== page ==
Now and then I hear a director say, “Let’s make it [such-and-such a period]” as part of the initial concept for the show. I think this is great because it gives us a good insight into the director’s vision and tends to put us on the same page right up front. However, a simple statement like that can have so many ramifications–and so many ways to get sidetracked–that I’d like to discuss the subject here.
Let’s take the Victorian period (or era, if you prefer), which tends to be very popular among theatre companies. Many plays can be set–and are often set–in a Victorian house or building, even if the story itself doesn’t take place during the period. However, the Victorian era lasted for over sixty years, which means that “Victorian” is actually a very loose description. So let’s look at it a bit and see how we can narrow it down.
The Victorian period started with Queen Victoria’s accession to the British throne in 1837 and ended with her death in 1901. That’s sixty-four years. During those six decades there were many changes in architecture, design, art, fashion, literature, music, technology, and lots of other fields. For instance, although we often think of Victorian fashion as somber, dark, and funereal, that is only part of the story.
The British did have a very formal manner of mourning loved ones, and it involved wearing black or dark colors for anywhere from weeks to over a year, depending on how close the loved one was. The mourning period started with wearing solid black for so many weeks or months, then partial black with specified acceptable colors for a while, and then, later, other acceptable color combinations, until the end. Since we see so much of these somber colors in the movies and on TV, we often think it was all this way, but it wasn’t.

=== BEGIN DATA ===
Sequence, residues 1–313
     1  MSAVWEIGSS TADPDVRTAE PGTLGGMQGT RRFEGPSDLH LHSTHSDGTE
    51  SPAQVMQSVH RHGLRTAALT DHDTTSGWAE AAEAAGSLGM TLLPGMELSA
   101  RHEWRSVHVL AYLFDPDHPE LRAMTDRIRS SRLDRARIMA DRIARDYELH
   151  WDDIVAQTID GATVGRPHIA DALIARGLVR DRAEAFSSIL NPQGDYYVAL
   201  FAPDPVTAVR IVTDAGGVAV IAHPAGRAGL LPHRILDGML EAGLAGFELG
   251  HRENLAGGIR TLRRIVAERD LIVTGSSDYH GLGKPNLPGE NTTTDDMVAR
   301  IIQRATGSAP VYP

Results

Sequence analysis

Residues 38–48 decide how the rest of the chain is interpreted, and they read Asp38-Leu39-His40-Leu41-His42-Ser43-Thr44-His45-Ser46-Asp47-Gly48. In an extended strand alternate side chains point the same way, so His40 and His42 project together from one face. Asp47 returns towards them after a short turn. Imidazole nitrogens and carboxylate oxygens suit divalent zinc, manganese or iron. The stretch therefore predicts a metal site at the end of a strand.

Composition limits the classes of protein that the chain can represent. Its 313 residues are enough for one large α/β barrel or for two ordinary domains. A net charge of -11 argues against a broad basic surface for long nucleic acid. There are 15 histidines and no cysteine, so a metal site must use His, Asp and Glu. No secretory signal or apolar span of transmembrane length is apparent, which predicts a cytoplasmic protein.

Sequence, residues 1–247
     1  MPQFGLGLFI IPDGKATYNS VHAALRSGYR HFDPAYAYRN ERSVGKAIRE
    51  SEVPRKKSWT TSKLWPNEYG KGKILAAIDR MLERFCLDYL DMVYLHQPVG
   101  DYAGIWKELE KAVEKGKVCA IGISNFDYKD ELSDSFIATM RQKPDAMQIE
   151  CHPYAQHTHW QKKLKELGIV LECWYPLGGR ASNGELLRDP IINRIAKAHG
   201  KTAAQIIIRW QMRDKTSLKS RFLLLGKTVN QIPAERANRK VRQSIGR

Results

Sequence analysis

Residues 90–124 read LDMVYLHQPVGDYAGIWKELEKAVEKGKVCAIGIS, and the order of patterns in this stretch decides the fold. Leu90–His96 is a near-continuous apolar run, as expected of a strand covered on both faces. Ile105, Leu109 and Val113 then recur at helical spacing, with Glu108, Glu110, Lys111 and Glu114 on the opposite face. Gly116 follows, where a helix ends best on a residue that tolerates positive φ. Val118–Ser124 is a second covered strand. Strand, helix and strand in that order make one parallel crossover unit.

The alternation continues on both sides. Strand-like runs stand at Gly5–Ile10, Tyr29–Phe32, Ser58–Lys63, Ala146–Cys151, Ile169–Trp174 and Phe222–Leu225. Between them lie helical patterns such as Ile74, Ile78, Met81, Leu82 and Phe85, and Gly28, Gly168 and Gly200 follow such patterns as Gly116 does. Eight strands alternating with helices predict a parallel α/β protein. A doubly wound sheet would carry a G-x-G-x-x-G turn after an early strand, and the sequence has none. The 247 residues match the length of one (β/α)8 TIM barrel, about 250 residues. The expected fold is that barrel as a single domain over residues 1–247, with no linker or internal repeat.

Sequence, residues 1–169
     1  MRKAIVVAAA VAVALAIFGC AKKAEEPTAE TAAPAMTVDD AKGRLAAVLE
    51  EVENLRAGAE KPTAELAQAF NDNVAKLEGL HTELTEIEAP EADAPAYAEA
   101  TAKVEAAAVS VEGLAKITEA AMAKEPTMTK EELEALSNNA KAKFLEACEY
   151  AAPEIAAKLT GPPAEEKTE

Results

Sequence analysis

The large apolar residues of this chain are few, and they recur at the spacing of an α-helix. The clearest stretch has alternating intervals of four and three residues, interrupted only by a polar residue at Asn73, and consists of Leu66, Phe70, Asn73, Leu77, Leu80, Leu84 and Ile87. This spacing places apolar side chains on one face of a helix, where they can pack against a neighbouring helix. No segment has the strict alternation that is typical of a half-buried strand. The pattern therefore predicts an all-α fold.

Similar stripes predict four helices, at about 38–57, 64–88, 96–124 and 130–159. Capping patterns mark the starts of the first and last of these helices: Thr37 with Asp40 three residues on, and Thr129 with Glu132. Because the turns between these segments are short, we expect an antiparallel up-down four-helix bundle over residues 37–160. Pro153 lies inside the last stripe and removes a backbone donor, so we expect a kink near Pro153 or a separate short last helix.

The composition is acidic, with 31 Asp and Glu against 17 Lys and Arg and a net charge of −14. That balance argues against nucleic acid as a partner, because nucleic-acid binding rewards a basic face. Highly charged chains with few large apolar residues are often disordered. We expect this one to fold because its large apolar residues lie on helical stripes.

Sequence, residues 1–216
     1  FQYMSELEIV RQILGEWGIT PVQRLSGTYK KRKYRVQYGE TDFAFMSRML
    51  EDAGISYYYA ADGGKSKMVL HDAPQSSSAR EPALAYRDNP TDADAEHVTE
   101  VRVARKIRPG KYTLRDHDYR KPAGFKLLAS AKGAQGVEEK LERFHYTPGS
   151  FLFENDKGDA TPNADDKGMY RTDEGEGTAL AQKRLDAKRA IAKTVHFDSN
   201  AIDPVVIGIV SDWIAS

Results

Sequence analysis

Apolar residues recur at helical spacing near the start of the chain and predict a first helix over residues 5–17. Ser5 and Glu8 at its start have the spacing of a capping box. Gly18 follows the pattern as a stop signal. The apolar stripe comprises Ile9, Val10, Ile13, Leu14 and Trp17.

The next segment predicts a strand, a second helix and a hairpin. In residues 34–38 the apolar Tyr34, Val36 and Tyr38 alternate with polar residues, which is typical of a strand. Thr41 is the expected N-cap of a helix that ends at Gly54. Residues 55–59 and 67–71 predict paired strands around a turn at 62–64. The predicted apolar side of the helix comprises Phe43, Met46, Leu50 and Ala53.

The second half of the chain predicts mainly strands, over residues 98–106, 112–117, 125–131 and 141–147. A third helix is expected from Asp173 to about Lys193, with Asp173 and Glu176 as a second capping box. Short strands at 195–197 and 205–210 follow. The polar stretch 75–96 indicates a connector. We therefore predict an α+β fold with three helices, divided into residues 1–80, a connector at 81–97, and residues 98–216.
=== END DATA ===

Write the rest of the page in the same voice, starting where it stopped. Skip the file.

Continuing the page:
On the other hand, Queen Victoria herself probably did a lot to create this perception. She was so heartbroken when her husband died in December 1861 that she wore only black until the end of her life forty years later, and so we see her only in black in her later years.
Lots of books have been written on aspects of the Victorian period and the development of things like architecture and fashion, and they are invaluable for research. However, in this day and age, we can get a brief overview of many of these aspects, and narrow things down, right here on the internet. For instance, Wikipedia has a number of fine illustrated articles on this period that are worth reading, and I particularly like them because they often include good sources for further research:
There are also lots of sources for Victorian furniture, graphics, music, art, and other fields, which can further help you narrow down a specific year range.
As I mentioned in What period is it? you don’t need to make everything in the production jive with one specific year, even if the director chooses to stage the play in that year. For instance, a play set in 1865 can include elements from before that year; it just can’t include elements from after that year. This can be a great way to say something about the characters: do they have the latest furniture and accessories (or fashions) in their home, or do they have pieces handed down through the family, or are some of the pieces even antiques?
Although I titled this post “Let’s make it Victorian,” the same thoughts apply to many other historical periods. I could have titled it, “Let’s make it Egyptian” or “Let’s make it medieval” or “Let’s make it Greek” and said a lot of the same things. Understanding the basics about some of these historical periods, and knowing where to find information on them (and specifically on narrowing down the longer periods) can go a long way toward creating a physical environment that really ties the story together.